Barry Eichengreen

Barry Eichengreen

Title
George C. Pardee and Helen N. Pardee, Professor of Economics and Political Science
Department
Dept of Economics
Dept of Political Science
Phone
(510) 642-2772
Fax
(510) 643-0926
Research Expertise and Interest
Europe, China, economic growth, international economics, international finance, international monetary economics, economic history
Research Description

Barry Eichengreen is Research Associate of the National Bureau of Economic Research (Cambridge, Massachusetts) and Research Fellow of the Centre for Economic Policy Research (London, England). He received his A.B. from UC Santa Cruz, and an M.A., M.Phil, and Ph.D. in economics as well as an M.A. in History from Yale University.

His current research includes the world economy, Latin American and Asian bond markets, the history and operation of the international monetary and financial system, and the post-World War II European economy.

In the News

November 22, 2010

Will Ireland go bankrupt? Economic historian sheds light on latest eurozone crisis

UC Berkeley economic historian Barry Eichengreen, an expert on the international monetary and financial system, discussed the Irish economic crisis at a campus seminar Nov. 17. He said Ireland needs to restructure much of the bank debt that its government has effectively taken onto its balance sheet — debt that could reach a staggering 130 percent of GDP in the coming year.

November 16, 2010

IRLE's conference on "New Deal/No Deal?"

In the midst of forecasts of continuing economic woes and congressional gridlock, experts gathered recently at UC Berkeley to assess what worked and what didn’t during the Great Depression-inspired New Deal, the Obama administration’s still emerging efforts to ease the Great Recession, and prospects for relief, reform and recovery.

November 2, 2010

Grant launches Berkeley Economic History Lab

The University of California, Berkeley’s Department of Economics is the recipient of a $1.25 million grant from the Institute for New Economic Thinking (INET) to develop a Berkeley Economic History Laboratory to train more historically literate economists who can contribute to policy debates and help avoid devastating economic crises.

In the News

November 22, 2010

Will Ireland go bankrupt? Economic historian sheds light on latest eurozone crisis

UC Berkeley economic historian Barry Eichengreen, an expert on the international monetary and financial system, discussed the Irish economic crisis at a campus seminar Nov. 17. He said Ireland needs to restructure much of the bank debt that its government has effectively taken onto its balance sheet — debt that could reach a staggering 130 percent of GDP in the coming year.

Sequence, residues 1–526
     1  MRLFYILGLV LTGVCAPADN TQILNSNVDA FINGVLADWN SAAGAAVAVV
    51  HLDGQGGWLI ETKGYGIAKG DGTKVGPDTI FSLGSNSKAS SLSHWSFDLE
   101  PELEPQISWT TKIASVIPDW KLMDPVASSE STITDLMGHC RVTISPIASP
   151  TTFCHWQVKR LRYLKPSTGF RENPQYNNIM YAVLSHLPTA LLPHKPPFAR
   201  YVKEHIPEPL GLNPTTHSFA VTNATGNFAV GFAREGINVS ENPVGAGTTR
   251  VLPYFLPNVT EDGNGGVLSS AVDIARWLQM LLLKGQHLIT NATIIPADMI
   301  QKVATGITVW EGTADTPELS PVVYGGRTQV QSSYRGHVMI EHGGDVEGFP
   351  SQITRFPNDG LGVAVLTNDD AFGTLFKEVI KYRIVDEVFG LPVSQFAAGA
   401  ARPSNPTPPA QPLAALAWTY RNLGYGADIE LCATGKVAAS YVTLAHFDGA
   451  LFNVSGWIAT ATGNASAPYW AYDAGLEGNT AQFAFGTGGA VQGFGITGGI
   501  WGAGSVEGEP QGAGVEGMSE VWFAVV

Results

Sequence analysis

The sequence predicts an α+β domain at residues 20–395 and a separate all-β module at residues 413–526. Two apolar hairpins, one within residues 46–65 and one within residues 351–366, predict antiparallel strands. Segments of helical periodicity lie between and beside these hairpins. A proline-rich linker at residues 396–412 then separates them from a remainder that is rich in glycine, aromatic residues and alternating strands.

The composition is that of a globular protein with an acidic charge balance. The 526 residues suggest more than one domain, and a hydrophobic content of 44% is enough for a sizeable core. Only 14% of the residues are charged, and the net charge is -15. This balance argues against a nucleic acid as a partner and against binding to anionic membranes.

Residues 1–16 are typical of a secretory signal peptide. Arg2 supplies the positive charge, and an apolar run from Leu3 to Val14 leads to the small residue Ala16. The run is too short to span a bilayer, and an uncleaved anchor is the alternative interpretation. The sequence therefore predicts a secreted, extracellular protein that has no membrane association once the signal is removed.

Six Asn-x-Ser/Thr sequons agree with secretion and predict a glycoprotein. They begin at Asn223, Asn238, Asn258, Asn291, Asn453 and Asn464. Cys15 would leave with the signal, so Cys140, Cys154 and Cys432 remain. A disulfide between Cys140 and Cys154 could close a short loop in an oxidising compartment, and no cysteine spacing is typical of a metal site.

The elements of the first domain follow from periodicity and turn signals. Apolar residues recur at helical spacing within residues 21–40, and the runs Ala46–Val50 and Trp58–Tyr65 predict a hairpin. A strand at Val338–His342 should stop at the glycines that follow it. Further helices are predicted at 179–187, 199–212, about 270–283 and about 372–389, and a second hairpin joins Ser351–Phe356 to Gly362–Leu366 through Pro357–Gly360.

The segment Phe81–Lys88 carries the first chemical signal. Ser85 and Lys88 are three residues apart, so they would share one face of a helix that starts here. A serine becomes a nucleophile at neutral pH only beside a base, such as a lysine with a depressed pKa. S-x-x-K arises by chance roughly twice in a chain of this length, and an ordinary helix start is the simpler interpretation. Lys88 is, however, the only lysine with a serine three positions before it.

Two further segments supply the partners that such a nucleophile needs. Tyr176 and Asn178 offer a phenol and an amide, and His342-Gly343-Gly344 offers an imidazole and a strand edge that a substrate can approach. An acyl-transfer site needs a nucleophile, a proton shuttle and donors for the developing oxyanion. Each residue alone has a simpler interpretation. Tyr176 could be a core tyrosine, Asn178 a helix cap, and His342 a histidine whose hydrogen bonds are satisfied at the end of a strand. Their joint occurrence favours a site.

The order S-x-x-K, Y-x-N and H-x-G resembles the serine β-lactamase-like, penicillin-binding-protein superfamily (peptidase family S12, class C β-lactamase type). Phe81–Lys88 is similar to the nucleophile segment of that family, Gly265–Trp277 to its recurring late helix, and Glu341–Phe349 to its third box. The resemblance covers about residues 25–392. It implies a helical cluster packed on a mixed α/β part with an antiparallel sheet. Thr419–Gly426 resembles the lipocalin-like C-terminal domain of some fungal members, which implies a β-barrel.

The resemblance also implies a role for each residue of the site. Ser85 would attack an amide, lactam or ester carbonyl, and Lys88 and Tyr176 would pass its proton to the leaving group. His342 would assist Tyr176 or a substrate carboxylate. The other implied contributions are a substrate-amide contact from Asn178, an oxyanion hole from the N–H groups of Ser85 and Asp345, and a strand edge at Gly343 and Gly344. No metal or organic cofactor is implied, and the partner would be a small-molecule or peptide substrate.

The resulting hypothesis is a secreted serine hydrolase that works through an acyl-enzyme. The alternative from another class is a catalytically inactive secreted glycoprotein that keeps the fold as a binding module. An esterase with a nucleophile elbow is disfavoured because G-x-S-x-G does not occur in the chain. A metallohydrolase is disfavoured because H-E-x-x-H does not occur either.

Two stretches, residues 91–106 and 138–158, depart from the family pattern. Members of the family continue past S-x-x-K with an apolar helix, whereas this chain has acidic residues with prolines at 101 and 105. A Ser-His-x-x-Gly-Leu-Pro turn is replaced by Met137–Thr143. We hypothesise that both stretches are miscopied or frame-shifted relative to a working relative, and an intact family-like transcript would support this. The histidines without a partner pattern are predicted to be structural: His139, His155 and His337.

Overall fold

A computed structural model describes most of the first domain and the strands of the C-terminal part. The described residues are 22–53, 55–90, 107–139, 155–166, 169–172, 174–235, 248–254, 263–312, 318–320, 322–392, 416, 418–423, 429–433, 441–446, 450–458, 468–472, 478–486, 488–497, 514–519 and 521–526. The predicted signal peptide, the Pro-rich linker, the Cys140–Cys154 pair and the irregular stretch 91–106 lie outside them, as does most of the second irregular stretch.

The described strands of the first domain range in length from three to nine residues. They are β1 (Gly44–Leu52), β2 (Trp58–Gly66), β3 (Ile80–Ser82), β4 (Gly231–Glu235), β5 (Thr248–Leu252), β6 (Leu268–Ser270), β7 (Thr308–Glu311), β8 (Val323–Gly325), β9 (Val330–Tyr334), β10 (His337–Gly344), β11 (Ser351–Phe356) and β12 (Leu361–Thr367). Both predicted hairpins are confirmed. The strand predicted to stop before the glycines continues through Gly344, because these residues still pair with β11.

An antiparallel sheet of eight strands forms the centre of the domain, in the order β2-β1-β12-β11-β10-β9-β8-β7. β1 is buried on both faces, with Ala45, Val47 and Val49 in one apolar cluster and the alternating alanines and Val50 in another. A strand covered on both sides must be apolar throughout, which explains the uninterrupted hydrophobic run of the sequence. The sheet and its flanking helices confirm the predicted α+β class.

November 16, 2010

IRLE's conference on "New Deal/No Deal?"

In the midst of forecasts of continuing economic woes and congressional gridlock, experts gathered recently at UC Berkeley to assess what worked and what didn’t during the Great Depression-inspired New Deal, the Obama administration’s still emerging efforts to ease the Great Recession, and prospects for relief, reform and recovery.

November 2, 2010

Grant launches Berkeley Economic History Lab

The University of California, Berkeley’s Department of Economics is the recipient of a $1.25 million grant from the Institute for New Economic Thinking (INET) to develop a Berkeley Economic History Laboratory to train more historically literate economists who can contribute to policy debates and help avoid devastating economic crises.

Featured in the Media

Please note: The views and opinions expressed in these articles are those of the authors and do not necessarily reflect the official policy or positions of UC Berkeley.
November 7, 2018
Delphine Strauss
A new analysis of UK voters' attitudes toward the European Union over the past 50 years, co-authored by economics professor Barry Eichengreen for the U.S.-based National Bureau of Economic Research, has found that Eurosceptic baby boomers may have swung the Brexit vote. "Evidently, cohort effects have affected sentiment toward the EU over the past half century in increasingly negative ways, as the relatively pro-European prewar generation was progressively replaced by more Eurosceptic baby boomers," Professor Eichengreen and his co-authors wrote in their report.
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